Professor Alison Booth is a Public Policy Fellow in the ANU Crawford School of Public Policy. She is also the author of three novels: Stillwater Creek, The Indigo Sky and A Distant Land.
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Could education outcomes for young women be improved by putting them back into same-sex classes, writes Alison Booth.
Sometimes we have to take what may look like a step backwards in order to take two steps forward. This is as true in life as it in the development of effective public policy.
But even if you agree with that statement you might find it harder to agree with me if I told you that one way to take a step forward and increase positive educational outcomes for young women would be to ditch co-ed classes, and instead put them in all-female groups.
Yet the evidence is gathering that women in single-gender classes benefit, and they benefit significantly.
In the US, policymakers have begun to listen to advocates of single‐sex education and to allow expansion of publicly funded single‐sex schools. In 2006, the US Federal Government allowed districts to create single‐sex schools and have single‐sex classes in publicly funded schools. According to the National Association for Single Sex Public Education (NASSPE), in 2002 there were only about a dozen US public schools offering single‐sex classes but by 2010 there were 540, of which 91 were all‐girl or all‐boy schools.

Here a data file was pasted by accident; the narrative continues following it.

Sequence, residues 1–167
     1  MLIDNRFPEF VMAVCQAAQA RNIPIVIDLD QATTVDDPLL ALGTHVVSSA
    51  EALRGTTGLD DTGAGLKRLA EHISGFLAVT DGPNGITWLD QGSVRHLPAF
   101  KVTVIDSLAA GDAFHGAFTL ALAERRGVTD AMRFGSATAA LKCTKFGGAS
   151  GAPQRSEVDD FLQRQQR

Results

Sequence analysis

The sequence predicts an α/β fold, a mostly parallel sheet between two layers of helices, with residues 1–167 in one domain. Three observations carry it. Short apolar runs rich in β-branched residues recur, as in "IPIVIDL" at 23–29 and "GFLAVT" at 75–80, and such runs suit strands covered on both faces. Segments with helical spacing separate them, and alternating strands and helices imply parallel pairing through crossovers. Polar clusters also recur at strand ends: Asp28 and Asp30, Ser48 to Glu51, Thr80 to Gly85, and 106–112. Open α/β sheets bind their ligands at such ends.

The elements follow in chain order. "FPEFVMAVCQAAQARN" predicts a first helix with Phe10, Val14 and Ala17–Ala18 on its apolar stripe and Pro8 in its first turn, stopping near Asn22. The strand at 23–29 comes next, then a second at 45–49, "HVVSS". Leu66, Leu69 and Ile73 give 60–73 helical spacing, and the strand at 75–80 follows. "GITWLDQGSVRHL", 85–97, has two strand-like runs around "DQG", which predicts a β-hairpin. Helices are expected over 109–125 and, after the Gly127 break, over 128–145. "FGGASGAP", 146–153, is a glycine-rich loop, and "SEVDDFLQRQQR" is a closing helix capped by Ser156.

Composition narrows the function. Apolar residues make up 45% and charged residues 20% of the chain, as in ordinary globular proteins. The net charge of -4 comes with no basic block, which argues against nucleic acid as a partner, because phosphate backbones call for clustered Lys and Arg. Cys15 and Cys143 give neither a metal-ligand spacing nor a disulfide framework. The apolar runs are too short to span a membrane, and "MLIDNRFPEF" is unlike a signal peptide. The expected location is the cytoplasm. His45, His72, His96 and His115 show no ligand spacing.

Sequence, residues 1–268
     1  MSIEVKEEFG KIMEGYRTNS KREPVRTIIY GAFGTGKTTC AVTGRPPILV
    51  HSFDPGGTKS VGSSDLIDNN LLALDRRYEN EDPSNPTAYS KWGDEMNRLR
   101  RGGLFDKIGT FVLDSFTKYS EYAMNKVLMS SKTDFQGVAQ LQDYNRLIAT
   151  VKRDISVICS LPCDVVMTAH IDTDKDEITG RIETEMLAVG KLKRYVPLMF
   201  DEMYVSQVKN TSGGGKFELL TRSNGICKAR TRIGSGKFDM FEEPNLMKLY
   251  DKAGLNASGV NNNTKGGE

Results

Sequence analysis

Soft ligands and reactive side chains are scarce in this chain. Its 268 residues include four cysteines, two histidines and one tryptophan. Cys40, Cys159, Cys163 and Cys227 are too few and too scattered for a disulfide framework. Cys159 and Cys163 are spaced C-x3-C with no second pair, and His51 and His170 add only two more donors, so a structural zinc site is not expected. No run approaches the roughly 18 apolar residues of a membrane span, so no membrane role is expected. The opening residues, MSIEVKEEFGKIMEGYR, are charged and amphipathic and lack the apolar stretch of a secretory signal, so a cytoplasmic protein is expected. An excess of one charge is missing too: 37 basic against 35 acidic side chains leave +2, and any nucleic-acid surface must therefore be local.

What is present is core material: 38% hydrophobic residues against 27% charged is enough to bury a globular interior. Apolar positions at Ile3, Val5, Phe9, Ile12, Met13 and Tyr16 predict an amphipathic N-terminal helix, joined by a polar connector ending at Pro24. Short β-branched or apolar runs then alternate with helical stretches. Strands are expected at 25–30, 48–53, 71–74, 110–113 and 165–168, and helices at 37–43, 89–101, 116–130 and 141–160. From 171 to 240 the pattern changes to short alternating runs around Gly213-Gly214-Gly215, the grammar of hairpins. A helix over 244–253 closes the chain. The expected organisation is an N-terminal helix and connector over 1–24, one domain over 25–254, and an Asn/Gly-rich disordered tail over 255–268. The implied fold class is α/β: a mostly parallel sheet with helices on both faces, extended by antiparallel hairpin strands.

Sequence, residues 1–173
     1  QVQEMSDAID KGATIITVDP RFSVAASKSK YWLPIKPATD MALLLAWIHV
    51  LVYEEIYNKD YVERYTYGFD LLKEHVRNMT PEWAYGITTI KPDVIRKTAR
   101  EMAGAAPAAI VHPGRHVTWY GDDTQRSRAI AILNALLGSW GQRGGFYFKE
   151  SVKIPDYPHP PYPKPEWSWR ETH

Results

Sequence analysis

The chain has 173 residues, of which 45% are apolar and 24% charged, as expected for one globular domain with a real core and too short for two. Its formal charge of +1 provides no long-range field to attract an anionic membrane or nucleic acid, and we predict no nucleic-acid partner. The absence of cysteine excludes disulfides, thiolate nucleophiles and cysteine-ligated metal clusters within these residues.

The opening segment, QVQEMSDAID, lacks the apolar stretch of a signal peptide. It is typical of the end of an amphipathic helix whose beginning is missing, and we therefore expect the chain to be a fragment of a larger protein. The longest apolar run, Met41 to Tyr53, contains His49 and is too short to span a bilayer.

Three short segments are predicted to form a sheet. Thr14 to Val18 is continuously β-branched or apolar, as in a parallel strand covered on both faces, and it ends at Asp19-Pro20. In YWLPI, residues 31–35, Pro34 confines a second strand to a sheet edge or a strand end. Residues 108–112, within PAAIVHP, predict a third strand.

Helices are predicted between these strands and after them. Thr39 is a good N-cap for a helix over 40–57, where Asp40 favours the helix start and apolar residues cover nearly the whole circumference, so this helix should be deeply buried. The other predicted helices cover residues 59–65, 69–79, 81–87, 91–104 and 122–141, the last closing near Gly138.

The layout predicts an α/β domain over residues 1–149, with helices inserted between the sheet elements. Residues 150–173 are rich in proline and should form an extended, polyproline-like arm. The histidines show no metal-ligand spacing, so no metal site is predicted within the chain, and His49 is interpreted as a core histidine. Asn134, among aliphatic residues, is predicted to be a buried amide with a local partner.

Single-sex education is an area that generates great controversy. A recent paper in Science, entitled The Pseudoscience of Single-Sex Schooling (September 2011), claimed ‘No study has properly identified the effect of single-sex environments due to endogeneity factors’. This produced animated responses from researchers claiming the reverse in the same publication the following January.
Some argue that single-sex education increases gender stereotyping and legitimises institutional sexism. However proponents of single-sex education argue that women do better in single-sex classes for some subjects; for instance in maths, a subject with a gender gap (top of distribution). The presumption is that better grades will translate into better outcomes later.
I conducted with colleagues two sets of experiments designed to estimate the impact of single-sex and co-educational schooling on risk attitudes and final exam scores.
For the first set of experiments, our subjects were 260 adolescents (years 10 and 11) from publicly-funded single-sex and co-educational schools in Essex and Suffolk counties, whose average age was just under 15. We examined the effect on risk preferences of two types of environment—schooling (single-sex or co-educational); and randomly assigned experimental peer-groups (single-sex or co-ed).
We measured risk by asking girls and boys to choose between Option One, where they were guaranteed £5, and Option Two, where they flip a coin and get £11 if the coin came up heads or just £2 if the coin came up tails.
The results were enlightening. Girls in co-ed schools chose to enter the lottery less than co-ed boys. But girls randomly assigned to the all-girl group for the experiment were more likely to enter the lottery than their co-ed counterparts. Girls from single-sex schools were also more likely to choose the lottery. Indeed, they were as likely to choose the lottery as boys from either co-ed or single-sex schools. Thus gender differences in risk attitudes are sensitive to whether the girl attends a single-sex school, as well as whether she was randomly assigned to a single-sex class for the experiment.